The Scars of Heaven

Glory has glimpses of the suffering that preceded it, but those ‘deep wounds yet visible above’ are now ‘in beauty glorified’.

The scars I bear in my body, my mind, my soul, the adversities and setbacks, the pains that may yet await me before I get to heaven, the relational wounds, the memories from which I struggle to recover, the darkness of doubt and the battles with unbelief, will not necessarily be removed when I get to heaven, but they will be redeemed, they will be transformed by the long view that being perfected in the presence of my perfect God will bring.

 

A friend recently recounted a conversation with his precocious 10 year old. Their child had sustained an injury some years ago which means that they now have an obvious scar, and the subject of how this makes them feel regularly surfaces. On this particular occasion the conversation turned to the dividing line in their life between before and after,

‘I sometimes think about my life before the accident, when I didn’t have a scar, but now I do. It feels so different and I wish I could go back.’

My friend felt the weight of these words heavily, but from a clear blue sky he spoke a thought which he hadn’t previously worked through fully,

‘Just think of the Lord Jesus. He was born with no scars, and yet he got so many before his death and during his time on the cross. He has even taken those scars with him back to heaven, they’re now part of who he is.’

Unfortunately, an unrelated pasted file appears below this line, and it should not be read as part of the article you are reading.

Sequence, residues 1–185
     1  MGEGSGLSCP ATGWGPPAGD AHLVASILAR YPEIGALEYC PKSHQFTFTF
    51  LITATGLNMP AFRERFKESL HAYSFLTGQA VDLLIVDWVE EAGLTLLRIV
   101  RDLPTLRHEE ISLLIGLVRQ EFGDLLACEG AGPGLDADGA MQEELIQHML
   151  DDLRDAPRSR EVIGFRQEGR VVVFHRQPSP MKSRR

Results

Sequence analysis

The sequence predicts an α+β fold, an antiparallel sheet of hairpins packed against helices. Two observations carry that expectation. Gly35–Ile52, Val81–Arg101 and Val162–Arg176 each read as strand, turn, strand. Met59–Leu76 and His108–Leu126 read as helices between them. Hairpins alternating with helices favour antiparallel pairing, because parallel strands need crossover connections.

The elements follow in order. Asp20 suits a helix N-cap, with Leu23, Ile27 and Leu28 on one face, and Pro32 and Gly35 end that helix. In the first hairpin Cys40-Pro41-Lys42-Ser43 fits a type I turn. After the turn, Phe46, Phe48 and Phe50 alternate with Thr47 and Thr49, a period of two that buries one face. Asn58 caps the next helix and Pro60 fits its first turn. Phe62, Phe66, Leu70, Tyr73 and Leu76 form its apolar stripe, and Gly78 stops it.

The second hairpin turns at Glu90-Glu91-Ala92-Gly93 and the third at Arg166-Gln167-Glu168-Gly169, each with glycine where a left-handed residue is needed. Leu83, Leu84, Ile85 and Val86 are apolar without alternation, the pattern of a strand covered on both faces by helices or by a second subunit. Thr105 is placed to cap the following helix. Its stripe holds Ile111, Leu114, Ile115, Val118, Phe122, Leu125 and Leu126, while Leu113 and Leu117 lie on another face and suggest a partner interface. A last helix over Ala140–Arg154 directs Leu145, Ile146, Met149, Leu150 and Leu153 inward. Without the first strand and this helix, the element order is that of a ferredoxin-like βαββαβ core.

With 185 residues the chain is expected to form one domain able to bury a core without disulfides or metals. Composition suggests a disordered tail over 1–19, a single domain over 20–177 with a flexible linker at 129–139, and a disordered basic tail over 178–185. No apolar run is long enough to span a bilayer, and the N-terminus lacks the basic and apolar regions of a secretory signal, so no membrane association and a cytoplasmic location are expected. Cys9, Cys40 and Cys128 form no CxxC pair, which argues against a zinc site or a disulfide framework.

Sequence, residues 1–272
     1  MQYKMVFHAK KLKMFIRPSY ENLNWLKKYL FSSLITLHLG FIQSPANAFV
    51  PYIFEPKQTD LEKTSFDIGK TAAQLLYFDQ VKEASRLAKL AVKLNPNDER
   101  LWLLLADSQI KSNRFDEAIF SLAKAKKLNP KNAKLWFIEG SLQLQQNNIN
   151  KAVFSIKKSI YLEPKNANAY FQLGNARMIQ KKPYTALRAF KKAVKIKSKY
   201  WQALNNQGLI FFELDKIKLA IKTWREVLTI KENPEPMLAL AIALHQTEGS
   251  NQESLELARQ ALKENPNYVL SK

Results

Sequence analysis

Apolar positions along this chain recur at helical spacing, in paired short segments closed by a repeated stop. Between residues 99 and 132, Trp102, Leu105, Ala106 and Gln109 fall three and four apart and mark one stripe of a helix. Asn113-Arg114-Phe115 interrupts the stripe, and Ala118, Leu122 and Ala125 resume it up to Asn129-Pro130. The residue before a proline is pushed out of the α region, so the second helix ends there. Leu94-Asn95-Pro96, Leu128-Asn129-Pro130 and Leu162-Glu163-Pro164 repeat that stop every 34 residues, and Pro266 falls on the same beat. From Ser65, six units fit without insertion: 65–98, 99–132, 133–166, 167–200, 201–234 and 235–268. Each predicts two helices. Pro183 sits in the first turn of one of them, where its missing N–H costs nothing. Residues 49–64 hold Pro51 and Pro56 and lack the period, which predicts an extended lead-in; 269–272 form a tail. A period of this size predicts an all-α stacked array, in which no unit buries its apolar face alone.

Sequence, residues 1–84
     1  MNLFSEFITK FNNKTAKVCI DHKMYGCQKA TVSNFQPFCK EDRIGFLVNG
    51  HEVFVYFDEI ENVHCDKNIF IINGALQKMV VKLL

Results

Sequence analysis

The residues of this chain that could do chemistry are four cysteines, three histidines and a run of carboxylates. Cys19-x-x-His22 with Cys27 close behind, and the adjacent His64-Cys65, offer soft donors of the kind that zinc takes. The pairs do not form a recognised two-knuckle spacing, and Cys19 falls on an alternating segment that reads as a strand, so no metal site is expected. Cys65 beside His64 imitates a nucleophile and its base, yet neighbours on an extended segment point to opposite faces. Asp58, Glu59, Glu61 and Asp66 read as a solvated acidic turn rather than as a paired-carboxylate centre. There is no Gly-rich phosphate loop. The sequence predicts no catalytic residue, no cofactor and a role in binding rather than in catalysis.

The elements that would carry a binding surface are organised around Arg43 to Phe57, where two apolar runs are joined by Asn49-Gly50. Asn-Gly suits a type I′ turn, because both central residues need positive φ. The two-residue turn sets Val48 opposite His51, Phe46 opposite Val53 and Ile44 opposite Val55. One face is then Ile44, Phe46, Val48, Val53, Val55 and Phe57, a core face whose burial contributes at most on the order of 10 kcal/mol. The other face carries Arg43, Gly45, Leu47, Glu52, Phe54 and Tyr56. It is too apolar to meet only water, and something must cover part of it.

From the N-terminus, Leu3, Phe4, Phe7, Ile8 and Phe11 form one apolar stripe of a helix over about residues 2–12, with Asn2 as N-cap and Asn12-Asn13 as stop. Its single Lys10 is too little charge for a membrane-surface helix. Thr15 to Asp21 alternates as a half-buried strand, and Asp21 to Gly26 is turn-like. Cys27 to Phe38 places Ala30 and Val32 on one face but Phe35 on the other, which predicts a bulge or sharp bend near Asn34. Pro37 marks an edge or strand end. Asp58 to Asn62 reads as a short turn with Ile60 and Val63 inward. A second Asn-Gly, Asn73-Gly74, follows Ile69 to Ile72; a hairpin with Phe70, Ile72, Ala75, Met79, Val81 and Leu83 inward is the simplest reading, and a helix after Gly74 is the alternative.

This thought intrigued the little one with the big burden to bear,

‘Do you think I’ll have my scar in my resurrection body Daddy?’

He responded, again surprising himself with his own words,

‘I don’t know, but if you do it will be a mark of God’s grace and help to you through this; it will be a sight which speaks joy rather than sadness, and you’ll know that that kind of accident will never happen again.’

I have been mulling those words over ever since, thinking through what we naturally do with the idea of a glorified body, with the cessation of pain, with the hope of a better Day in heaven. I have been wondering if our view of glory might be too simplistic, if our perspective on where pain fits in the Final State of perfect blessedness might be too narrow, and if we might be missing out on some of the pastoral import of the fact that we have a glorious Saviour in heaven, who yet bears the marks of being marred in his human life.

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